New concerns surround the government’s increased use of legislative powers to bypass the parliament and create laws that cannot be amended or overturned. The federal government has embedded special powers in new Covid-19 laws to make unilateral changes to non-pandemic-related legislation, using what are known as ‘Henry VIII clauses’ – named for the unchecked power they involve.
The blunting of the snark
Remember snark? Back in the noughties, snark was the tone of the times: cynical, weary, heavy with irony, urbane, unimpressed, a sort of disgust transmuted through a lifted brow and a witty putdown.
The late newspaper editor Peter Kaplan used snark to great effect at the New York Observer. The newspaper’s tart and arch tone became a blueprint for the websites that followed it.
A grittier form of snark had its genesis in comment threads and blogs – the “rage of the creative underclass”, who wrote for little or no money. Soon newspaper columnists and legacy media co-opted the tone, and before long it flamed across the Australian media, from The Chaser, to Crikey, to The Australian’s Cut & Paste.
The hugely successful website Gawker adopted snark as its de facto house style, which New York magazine examined in an anguished article entitled “Everybody Sucks”. By 2006, US media critic Kurt Andersen observed “attitude can be found everywhere now, except in The New York Review of Books”.
Snark was a dark tone for dark times. It was the decade of the War on Terror, of fear and anthrax, extraordinary renditions and fictions about WMDs, of conflicts only partially explained and hastily entered. It was millions of citizens from Madrid to Melbourne marching against wars, yet their numbers earning no political mandate. Nothing changed.
It was a time of disempowerment and disconnection, ending in financial collapse. The rage at this found its expression in snark.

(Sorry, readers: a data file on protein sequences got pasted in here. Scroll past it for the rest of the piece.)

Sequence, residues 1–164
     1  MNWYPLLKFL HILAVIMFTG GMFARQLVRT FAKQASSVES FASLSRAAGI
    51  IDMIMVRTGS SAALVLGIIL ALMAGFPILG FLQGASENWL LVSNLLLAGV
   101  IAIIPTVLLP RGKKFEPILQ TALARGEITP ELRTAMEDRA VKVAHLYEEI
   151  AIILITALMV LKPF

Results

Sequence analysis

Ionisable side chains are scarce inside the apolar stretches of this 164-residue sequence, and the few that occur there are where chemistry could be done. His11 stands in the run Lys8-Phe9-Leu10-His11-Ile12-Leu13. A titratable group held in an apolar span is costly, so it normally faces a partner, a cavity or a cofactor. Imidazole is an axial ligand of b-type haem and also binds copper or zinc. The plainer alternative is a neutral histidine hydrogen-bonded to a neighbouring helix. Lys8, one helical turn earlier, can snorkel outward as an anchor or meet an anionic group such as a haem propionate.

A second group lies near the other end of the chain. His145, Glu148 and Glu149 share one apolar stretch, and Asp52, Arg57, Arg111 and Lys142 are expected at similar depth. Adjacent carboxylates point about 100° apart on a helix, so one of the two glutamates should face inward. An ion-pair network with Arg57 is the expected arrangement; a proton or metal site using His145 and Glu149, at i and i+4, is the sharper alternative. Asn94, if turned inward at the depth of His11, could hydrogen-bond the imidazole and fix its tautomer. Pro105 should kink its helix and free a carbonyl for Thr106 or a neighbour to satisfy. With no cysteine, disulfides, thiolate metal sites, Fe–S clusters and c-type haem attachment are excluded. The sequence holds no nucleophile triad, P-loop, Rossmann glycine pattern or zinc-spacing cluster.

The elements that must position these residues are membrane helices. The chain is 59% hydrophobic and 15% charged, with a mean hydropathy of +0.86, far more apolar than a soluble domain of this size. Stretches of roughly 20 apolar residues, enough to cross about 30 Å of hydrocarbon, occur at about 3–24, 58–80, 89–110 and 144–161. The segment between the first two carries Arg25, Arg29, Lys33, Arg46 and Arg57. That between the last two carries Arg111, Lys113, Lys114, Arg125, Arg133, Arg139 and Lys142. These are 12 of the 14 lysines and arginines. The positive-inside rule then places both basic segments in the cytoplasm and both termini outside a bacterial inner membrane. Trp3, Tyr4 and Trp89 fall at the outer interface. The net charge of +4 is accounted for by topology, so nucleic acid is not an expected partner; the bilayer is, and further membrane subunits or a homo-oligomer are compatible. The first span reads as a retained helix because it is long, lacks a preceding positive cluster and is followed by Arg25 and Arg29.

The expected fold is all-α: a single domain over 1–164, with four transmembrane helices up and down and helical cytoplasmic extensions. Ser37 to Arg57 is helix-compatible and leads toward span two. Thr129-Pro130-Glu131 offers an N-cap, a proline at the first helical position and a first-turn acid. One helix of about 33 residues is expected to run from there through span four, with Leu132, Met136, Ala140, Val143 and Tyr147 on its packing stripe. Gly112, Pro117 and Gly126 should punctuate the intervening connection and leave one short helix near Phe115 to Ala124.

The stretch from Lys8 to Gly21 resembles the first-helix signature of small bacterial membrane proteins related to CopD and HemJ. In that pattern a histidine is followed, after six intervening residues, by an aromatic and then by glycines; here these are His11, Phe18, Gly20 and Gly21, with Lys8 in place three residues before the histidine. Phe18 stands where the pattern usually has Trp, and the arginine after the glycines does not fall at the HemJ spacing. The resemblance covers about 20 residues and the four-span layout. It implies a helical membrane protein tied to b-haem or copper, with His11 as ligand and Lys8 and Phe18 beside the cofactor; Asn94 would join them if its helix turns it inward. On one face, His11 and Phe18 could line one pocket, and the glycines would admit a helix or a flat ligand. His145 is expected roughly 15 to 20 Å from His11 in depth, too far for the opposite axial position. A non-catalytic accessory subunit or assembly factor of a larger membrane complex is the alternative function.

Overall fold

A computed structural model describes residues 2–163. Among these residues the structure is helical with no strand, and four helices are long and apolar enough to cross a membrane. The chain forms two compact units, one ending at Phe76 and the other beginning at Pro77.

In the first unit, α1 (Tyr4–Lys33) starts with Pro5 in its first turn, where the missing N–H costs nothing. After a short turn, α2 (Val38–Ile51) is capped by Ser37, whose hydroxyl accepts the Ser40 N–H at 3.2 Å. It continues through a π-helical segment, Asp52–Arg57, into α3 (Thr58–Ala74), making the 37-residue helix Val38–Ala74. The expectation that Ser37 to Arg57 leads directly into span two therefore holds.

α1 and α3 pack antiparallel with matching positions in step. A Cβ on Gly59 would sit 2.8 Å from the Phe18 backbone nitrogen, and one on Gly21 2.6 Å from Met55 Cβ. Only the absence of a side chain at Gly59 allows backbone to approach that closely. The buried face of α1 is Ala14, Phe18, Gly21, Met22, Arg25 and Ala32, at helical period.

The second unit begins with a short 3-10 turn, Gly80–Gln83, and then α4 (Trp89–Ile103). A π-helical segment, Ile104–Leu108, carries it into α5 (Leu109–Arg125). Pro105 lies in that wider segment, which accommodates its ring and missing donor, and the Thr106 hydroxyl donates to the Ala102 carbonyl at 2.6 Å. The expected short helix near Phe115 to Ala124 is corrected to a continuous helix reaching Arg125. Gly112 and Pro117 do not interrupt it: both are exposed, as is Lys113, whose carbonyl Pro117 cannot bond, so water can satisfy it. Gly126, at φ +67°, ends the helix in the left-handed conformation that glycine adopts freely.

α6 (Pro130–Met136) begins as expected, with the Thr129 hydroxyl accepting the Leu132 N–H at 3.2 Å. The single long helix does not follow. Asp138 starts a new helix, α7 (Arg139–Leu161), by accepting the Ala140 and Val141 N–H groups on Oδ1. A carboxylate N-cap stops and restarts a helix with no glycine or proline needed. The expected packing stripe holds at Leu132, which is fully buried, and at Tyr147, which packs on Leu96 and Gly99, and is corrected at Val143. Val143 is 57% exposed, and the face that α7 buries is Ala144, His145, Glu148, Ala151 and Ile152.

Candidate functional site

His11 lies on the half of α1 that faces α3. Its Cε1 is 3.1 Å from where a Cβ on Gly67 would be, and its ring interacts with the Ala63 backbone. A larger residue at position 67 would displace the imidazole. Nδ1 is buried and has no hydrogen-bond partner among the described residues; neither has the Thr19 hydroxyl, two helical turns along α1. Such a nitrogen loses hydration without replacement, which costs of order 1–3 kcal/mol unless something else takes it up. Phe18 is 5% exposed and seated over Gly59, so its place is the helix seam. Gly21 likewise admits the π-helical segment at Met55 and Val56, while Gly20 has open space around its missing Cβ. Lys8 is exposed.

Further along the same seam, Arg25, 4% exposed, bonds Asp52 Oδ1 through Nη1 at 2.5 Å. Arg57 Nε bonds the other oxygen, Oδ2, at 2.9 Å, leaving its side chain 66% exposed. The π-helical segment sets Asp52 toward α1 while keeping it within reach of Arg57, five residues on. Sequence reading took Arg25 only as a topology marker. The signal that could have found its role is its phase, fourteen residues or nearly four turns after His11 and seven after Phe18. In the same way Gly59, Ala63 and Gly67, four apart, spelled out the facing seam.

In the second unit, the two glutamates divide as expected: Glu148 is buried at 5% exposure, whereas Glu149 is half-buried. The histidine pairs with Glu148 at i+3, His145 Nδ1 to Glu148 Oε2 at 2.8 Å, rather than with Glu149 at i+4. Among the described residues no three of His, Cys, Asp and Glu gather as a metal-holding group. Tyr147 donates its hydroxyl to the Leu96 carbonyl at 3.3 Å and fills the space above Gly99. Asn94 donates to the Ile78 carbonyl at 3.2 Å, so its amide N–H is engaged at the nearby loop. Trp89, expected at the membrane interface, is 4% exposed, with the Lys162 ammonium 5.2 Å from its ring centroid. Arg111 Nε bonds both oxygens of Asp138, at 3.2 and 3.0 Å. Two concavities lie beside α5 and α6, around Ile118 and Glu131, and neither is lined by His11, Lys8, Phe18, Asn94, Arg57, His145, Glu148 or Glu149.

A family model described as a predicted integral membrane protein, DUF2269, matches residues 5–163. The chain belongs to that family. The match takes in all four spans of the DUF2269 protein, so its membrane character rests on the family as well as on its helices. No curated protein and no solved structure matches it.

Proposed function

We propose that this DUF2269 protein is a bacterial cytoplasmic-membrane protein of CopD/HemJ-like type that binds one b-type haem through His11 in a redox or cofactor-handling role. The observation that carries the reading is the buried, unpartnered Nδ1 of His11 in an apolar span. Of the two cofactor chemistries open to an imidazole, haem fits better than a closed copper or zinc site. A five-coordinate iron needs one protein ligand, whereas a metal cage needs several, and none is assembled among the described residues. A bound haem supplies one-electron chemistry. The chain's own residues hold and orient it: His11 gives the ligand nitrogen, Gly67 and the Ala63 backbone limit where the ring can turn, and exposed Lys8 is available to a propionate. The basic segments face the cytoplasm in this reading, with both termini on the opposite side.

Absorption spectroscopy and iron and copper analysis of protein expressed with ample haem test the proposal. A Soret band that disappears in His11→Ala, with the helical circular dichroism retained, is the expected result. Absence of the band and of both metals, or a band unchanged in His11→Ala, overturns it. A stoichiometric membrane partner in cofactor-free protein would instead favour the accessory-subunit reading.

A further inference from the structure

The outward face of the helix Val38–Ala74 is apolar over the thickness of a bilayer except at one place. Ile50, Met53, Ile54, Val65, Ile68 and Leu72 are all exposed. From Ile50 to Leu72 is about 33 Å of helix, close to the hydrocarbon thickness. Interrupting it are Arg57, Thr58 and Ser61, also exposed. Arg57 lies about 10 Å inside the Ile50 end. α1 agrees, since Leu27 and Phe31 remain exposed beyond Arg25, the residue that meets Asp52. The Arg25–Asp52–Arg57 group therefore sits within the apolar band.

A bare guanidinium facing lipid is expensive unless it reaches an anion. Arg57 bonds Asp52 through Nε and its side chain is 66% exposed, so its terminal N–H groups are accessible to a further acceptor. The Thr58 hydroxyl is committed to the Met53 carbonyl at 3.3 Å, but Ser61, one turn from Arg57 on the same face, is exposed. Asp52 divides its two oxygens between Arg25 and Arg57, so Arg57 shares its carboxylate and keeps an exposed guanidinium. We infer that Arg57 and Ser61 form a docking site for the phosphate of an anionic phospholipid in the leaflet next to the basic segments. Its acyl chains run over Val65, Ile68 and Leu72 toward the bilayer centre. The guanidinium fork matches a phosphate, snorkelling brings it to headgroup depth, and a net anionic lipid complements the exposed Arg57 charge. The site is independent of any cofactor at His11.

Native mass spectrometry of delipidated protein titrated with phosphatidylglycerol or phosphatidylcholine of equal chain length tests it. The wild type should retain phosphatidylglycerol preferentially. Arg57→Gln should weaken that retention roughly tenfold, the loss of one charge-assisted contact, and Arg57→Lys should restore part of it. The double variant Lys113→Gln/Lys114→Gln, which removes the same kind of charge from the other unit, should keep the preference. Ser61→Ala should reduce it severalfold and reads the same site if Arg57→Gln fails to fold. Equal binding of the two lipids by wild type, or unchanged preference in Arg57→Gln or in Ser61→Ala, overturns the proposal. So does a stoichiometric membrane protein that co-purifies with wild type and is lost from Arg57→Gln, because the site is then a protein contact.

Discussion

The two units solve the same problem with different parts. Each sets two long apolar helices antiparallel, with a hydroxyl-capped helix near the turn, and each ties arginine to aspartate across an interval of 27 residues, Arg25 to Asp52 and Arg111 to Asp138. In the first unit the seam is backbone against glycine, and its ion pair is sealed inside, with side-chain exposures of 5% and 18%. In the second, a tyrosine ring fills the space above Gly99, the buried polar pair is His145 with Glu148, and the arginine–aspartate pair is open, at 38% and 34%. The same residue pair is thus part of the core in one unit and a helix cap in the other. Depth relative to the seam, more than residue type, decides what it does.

But now? Snark is dead in the water, killed by its opposing posture – sincerity. We have entered the Age of Nice.
The media is awash with things designed to elicit a positive emotional response. Online, it’s all cute pet videos and “six reasons I feel totally justified wearing a bikini”, listicles and Mashable posts. It’s Jimmy Fallon’s chat show, Pharrell’s “Happy”, Alain de Botton’s The Philosophers’ Mail. It’s viral videos promoting marriage equality, inspirational quotes from Maya Angelou, tear-jerking TED Talks, and BuzzFeed, with its motto “No haters”. Fallon, the new host of The Tonight Show, told New York magazine he aims for “cheers not jeers”. Practitioners of the old ways, such as Jon Stewart, are taking a break. Stephen Colbert has retired his snarky persona as he moves into Letterman’s vacated Late Show chair.
NBCUniversal CEO Steve Burke said Fallon’s brand of “optimistic, enthusiastic, not snarky” comedy is “exactly what America was looking for”.
According to Forbes, “Burke’s comments speak to the rise of likeability, which has in recent years become a basic standard for branding of all kinds. Whether it’s selling a show or a product, a positive tone has become the must-have quality needed to win over younger audiences.”
The late American writer David Foster Wallace, who made his own journey from snark to sincerity, predicted this trend in the early 1990s: “The next real literary ‘rebels’ in this country might well emerge as some weird bunch of anti-rebels, born oglers who dare somehow to back away from ironic watching, who have the childish gall actually to endorse and instantiate single-entendre principles. Who treat plain old untrendy human troubles and emotions in US life with reverence and conviction. Who eschew self-consciousness and hip fatigue.”
And eschewing it they are.
As well as global sensation BuzzFeed, which recently launched in Australia and is branching out from social and entertainment news to investigative journalism, the two-year-old website Upworthy is finding an audience with its packaging of feel-good videos that address serious themes such as marriage equality, cancer and trans rights. The Columbia Journalism Review reports that Upworthy’s repackaged videos and articles receive an average of 75,000 likes per post on Facebook, about 12 times that of any news organisation. Its content is “up” and also “worthy”.
In keeping with the tone of the times, criticism is not welcome in the Age of Nice.
Late last year, Isaac Fitzgerald, the editor of BuzzFeed’s books section, said he wasn’t interested in publishing negative book reviews. “Why waste breath talking smack about something?” he said. “You see it in so many old-media type places – the scathing takedown rip.” Fitzgerald said people in the online books community “understand that about books, that it is something that people have worked incredibly hard on, and they respect that. The overwhelming online books community is a positive place.”